On the left, a raw bicolorsapphire, on the right a blue sapphire rough, both are ornemental pieces
As you can see, the shape of the sapphire rough is following a geometrical pattern that is due to the hexagonbal structure of the corumdum cristal. When they are expulsed to the surface by volcanos or water worn, sapphire rough can brake and take a very different shape (barrel shape), like a common rock, but showing its incredible color.
Did you know?
Sapphire is formed under heat but has to cool slowly to allow the formation of the mineral lattice. The slower it cools, the bigger the sapphire stone can be.
Having such a common shape can madke them difficult to find in the middle of thousand of other small rocks, as you can sse in this video:
8. Natural Sapphire Mining in the World
While many people wonder about the provenance of the stones in their jewelry and the working conditions of the workers who mine the deposits, it is worthwhile to present the current state of sapphire mining.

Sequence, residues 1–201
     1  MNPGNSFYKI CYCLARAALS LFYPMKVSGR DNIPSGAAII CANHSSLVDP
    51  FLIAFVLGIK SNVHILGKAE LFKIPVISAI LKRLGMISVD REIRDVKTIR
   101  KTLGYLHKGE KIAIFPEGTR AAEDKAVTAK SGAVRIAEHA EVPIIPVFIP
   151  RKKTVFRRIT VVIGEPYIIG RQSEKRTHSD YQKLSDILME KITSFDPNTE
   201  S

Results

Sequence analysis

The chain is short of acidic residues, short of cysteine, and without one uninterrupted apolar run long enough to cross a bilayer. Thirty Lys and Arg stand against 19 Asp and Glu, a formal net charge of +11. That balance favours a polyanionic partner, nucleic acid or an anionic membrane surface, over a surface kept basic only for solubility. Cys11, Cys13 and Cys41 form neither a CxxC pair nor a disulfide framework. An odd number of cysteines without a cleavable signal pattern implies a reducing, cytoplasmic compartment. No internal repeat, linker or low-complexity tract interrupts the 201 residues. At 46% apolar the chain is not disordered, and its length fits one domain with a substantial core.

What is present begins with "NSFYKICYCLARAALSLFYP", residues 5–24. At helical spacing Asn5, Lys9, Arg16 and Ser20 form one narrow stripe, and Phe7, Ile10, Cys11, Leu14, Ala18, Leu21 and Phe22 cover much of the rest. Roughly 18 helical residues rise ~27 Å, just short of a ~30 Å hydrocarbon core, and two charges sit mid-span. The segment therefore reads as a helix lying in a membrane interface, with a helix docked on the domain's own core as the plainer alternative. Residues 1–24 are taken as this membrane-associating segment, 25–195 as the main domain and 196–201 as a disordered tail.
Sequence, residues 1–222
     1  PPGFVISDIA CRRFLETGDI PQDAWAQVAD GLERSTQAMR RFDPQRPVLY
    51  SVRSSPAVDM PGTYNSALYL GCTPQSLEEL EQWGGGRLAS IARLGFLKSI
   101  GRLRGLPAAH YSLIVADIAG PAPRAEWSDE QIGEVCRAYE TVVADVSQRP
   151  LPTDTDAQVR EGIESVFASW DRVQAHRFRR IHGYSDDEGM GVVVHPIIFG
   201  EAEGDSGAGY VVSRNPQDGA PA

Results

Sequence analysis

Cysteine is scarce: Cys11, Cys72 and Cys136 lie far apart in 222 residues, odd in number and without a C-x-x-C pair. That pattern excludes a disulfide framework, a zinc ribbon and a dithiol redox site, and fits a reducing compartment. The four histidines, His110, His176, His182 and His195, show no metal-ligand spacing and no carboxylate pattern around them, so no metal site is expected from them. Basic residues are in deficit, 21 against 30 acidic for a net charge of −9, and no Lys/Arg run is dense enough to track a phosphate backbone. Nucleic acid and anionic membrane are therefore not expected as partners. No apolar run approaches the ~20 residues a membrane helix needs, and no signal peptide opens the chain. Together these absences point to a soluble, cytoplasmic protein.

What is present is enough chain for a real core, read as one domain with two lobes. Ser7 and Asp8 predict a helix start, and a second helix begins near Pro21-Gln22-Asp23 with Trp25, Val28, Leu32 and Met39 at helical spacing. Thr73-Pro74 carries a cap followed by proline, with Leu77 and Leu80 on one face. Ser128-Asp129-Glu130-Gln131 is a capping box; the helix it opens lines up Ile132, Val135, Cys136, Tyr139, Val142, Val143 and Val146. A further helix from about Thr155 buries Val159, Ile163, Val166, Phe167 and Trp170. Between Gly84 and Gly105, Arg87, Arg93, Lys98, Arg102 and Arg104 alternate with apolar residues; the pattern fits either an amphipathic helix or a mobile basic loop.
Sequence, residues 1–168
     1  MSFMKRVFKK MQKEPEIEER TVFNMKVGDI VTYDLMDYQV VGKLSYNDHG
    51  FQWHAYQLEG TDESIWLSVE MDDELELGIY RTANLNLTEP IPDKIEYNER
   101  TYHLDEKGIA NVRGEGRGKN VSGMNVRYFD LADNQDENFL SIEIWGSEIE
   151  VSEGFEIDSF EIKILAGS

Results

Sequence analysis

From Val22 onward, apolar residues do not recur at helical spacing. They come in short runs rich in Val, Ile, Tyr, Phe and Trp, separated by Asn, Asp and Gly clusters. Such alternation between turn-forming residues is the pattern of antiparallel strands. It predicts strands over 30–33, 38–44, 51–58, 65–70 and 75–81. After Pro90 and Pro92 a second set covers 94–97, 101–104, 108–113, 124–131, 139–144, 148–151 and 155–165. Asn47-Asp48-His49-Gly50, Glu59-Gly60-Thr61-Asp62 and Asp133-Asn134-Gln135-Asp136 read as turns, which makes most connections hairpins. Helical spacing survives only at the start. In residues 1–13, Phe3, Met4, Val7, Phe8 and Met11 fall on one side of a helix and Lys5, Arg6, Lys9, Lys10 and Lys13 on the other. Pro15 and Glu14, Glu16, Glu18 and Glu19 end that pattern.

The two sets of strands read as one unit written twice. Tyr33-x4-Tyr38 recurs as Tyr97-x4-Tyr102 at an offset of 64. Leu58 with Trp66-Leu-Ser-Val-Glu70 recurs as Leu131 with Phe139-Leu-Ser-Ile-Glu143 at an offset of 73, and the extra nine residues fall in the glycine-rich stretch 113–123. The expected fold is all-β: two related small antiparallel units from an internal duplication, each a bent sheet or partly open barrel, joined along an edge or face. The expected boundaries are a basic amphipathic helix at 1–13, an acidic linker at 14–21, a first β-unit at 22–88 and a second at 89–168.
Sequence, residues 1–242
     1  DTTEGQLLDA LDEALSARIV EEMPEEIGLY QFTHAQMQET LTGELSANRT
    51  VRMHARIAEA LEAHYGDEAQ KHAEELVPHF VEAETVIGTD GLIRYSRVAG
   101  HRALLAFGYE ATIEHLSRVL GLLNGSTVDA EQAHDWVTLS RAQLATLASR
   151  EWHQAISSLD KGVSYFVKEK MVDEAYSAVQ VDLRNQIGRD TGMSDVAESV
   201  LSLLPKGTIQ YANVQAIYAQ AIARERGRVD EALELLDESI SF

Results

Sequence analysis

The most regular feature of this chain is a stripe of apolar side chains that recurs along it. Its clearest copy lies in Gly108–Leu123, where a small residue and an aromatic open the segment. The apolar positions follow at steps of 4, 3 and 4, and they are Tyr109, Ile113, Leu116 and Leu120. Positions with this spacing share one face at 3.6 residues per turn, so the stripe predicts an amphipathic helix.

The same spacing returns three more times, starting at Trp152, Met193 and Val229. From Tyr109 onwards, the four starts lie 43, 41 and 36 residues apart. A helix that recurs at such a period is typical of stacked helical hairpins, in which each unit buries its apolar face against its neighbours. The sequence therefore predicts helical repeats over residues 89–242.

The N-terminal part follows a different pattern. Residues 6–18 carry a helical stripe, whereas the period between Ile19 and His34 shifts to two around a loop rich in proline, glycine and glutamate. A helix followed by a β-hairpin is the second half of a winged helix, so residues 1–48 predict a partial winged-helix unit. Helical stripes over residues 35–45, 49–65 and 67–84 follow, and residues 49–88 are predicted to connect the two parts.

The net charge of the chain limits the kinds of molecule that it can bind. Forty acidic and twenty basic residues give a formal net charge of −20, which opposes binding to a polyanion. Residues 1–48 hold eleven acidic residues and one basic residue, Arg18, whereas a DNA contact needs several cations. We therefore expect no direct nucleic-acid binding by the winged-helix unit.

Understanding the formation of sapphires
A bit like a diamond, sapphire is formed in the bowels of the Earth, at the level of the lithosphere, where the pressure and temperature are sufficient to create the crystal of aluminum oxide from the mother rock composed of aluminum and silicon Al2SIO5 and other chemical elements that will give its color to corundum.
The presence of mother rock and the pressure are not sufficient, it is necessary moreover a source of heat (the magma) which will allow the formation of the crystal of corundum.
And it is still the magma that will subsequently expel the raw sapphires thus formed underground to the surface of the earth's crust.
According to scientists, natural sapphire is formed at a depth of about 60 kilometers, under a pressure of 20,000 bars and a temperature of 1100°C.
Once forced out by the magma, sapphires are found in alluvial deposits due to the erosion of magmatic rocks by natural elements.
The sapphire mines
Although sapphire crystallizes in hard rocks, such as basalt or marble, it is in alluvial deposits that it is most easily and profitably mined.